Monday, September 21, 2009

The Deflationary Tortoise and the Inflationary Hare

The controlling trade in the world today: short or long the greenback?

It seems as if almost every asset class is either positively or negatively correlated with it.

In a way it's very fitting, after all at all times and in all ways its' a confidence game.

To be short the dollar, is to be long equities, is to believe in mania. To believe that fundamentals don't matter this time. It's be the bubble grasshopper and enjoy the ride of reflexivity.

It's the evergreen shoots trade.

To be long the dollar amounts to replacing the Principle of Reflexivity with the Principle of Perplexivity - how can the Federales model of debt induced growth possibly work again?

It is ironically where one marries Pimpco's proclamation that they are implementing the 'anti -green shoots' trade with their underlying premise that you have to hold hands with the Federales. That assertion suggests that perhaps there was an agreement at G2 to try and apply some 'risk-adverse' treatment to their reflation bubbling.

Authorities wish for stability; blowing bubbles and then paring with troubles is about all they have to reach their goal of slow and/or statisitical growth.

The question in this humble blogger's mind is will their machinations cause a controlled burn for a future reflate, presumably desired, or an accidental flush?

At some point this deflationary process of asset classes moving in unison ends and differentiation such as dollar going up when equities go up (and vice-versa) occurs.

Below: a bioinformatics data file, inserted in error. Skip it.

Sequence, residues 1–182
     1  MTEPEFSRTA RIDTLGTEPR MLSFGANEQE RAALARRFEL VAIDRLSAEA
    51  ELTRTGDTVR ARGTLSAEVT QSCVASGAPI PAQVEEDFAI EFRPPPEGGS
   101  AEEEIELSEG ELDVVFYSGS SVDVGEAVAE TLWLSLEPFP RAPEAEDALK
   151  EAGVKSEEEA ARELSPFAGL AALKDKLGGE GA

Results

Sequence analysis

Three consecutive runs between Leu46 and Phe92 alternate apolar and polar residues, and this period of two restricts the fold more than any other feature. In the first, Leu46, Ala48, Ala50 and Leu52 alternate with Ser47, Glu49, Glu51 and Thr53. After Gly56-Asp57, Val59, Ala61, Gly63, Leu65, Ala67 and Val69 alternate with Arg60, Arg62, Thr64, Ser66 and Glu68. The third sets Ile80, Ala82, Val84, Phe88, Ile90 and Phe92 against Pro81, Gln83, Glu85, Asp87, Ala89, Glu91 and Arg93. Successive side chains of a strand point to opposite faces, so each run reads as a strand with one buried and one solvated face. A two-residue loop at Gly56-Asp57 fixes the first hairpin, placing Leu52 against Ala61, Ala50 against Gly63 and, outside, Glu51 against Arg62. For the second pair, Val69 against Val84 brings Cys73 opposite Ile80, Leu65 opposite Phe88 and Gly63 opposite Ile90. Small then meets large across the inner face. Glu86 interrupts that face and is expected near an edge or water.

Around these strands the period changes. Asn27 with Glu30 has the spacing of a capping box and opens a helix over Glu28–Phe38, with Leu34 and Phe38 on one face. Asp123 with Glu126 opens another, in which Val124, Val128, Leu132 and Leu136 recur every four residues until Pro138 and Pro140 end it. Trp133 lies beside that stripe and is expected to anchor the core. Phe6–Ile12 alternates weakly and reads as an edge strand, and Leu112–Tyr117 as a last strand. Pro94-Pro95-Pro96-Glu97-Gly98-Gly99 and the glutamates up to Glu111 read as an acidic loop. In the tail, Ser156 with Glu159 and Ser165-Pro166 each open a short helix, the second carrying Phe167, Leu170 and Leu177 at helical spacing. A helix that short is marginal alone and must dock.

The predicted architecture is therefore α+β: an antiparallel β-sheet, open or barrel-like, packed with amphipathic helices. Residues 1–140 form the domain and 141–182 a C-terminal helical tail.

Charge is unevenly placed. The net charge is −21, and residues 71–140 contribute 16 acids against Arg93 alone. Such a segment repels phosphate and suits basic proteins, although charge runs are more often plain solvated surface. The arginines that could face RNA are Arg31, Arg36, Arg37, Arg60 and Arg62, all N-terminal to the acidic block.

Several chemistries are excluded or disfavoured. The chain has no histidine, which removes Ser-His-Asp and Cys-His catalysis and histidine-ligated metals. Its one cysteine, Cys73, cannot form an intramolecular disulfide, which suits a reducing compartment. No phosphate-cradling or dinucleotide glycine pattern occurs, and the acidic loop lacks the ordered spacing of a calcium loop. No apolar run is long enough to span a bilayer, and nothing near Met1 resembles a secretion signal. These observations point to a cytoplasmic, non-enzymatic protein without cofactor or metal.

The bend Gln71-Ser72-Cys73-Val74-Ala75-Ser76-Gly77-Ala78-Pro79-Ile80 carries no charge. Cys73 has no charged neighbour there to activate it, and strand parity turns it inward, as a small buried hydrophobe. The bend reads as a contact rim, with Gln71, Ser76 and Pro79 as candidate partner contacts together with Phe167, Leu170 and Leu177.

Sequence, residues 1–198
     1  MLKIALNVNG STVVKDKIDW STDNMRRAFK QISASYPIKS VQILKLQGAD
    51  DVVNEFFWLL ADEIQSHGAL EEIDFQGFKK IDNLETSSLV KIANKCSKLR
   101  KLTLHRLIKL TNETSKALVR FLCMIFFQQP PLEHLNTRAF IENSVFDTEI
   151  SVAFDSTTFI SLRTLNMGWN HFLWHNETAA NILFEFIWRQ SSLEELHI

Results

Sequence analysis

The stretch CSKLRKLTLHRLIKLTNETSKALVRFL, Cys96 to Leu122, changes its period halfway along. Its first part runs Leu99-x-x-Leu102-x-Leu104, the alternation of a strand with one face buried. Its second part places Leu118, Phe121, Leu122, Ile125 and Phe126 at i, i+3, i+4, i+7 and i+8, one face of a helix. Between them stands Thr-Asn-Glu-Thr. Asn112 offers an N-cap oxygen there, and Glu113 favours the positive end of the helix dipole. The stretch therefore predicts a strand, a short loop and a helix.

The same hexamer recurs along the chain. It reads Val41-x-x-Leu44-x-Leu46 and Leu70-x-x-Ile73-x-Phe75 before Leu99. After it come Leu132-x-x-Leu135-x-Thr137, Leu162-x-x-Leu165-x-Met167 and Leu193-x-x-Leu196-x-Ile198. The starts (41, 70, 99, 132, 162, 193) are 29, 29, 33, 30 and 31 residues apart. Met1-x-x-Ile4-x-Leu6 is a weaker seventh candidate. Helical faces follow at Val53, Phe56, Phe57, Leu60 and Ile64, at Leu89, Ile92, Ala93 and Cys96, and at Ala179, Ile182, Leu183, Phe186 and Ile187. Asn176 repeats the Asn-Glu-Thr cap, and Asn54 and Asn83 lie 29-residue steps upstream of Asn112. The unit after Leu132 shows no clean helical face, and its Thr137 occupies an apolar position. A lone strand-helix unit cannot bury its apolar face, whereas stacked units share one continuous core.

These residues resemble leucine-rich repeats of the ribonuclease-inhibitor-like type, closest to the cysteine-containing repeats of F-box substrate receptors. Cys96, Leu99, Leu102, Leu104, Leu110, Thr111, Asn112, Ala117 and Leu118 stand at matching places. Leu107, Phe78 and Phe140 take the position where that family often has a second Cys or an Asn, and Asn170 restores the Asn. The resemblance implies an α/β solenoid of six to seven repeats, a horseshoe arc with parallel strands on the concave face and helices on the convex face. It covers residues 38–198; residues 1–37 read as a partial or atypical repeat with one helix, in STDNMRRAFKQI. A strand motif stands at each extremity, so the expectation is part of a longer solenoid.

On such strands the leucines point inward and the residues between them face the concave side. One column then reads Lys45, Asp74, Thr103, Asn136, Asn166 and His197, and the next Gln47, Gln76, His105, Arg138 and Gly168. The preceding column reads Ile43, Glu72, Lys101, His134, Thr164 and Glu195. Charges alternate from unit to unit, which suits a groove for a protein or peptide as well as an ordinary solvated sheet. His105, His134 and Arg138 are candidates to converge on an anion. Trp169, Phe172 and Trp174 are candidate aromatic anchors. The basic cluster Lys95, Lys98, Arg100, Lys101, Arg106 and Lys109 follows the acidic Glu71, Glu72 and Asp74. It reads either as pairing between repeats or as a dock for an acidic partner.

That will occur, the models suggest, either when the rate of employment or the 'rate of change' of employment reverses ... historical data is mixed on the significance of one over the other.

Back in 1929 anyone who was over 16 and did not have a job was considered unemployed.

What would that equate to today? 20%+?

Or is it truly different this time?

The last time industrial production, and world trade collapsed at this rate ... the last time wealth inequality was so large... the last time debt levels were so high ... the last time was, oh heck , I don't even have to say it do I? That bear campaign took 1929 equity levels all the way down to 1897 pricing.

Will there be a point of deflationary recognition that with falling rents, wages and house prices,large and growing structural employment, and stifling debt levels ... PRICES HAVE TO COME DOWN?

Remember, inflation expectations were well anchored throughout the Great Depression and deflationary Japan. Perhaps reality is the tail risk.

A tail of the deflationary tortoise and the inflationary hare.

Although in this case if the tortoise wins, the owner of the stadium might end up destroying the place (hyperinflating), in order to protect their paying customers.

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